Austin, Texas (PRWEB) April 09, 2013
As the Texas Senate's Health and Human Services Committee approved Senate Bill 1803, a spokesperson for Texas Dentists for Medicaid Reform ("TDMR") called for more "due process" within the state's Medicaid regulatory apparatus.
In a statement critical of the Texas' Republican leadership, Chuck Young, TDMR's Communication Director, claimed the bill was originally "much more substantial," but that a committee substitute had seen "most of the best parts of SB 1803... taken out."
"The worst changes were the ones that impacted the so-called 'CAF holds', payment holds based on 'credible allegations of fraud'," Young said. "The old bill had some definitions of what a 'credible allegation of fraud' actually is, and had strict time limits... on payment holds. It also provided for much more well-defined processes in the determination of the actual credibility of these allegations. But most importantly, it gave providers an opportunity to respond to allegations before a CAF hold is put in place."
"The provider now has no opportunity to respond to the CAF before their payments are held. This is the number one due process issue facing all Medicaid providers."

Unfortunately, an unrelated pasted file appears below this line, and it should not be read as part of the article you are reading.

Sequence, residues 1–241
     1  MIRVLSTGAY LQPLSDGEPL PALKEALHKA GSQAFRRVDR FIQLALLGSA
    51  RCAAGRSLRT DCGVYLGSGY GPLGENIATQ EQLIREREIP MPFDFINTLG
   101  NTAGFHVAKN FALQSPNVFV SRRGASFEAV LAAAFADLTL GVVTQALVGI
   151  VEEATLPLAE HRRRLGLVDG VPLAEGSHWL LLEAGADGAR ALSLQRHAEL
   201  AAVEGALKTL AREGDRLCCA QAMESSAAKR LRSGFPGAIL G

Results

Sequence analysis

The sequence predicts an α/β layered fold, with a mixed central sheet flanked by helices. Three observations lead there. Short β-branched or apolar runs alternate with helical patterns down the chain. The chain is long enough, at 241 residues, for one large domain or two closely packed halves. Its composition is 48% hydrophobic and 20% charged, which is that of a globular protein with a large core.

"The notion of a 'credible allegation' isn’t even defined in the new version. The problem right now is that a CAF is open to interpretation."
"CAF’s are subject to an 'integrity review', but as far as we can tell, these reviews will be unavailable for scrutiny by anyone outside of OIG. So much for accountability; the problem right now is that all these investigations are completely internal to OIG."
"Overpayment hearings can still be conducted by HHSC if the OIG chooses to go that route (we’re betting they’d generally want to be judge, jury & executioner)."
"Costs for hearings (both CAF hold hearings and overpayment hearings) are now to be split with providers! These are the same providers who are already being bankrupted by the CAF holds while trying to pay their attorneys."
Young was especially concerned over rumors that "the Governor and friends are actively making sure that the bill remains in its current state, or that nothing passes at all." He closed on a note of cautious optimism: "We’ll keep hoping... that as the bill moves forward, we see some signs of a genuine interest in concepts like rule of law and due process on the part of Texas’ conservative majority."
Background: Texas Dentists for Medicaid Reform is a 501(c)4 founded by dental practitioners "concerned about the future of dental care for the over three million Texas children eligible for Medicaid."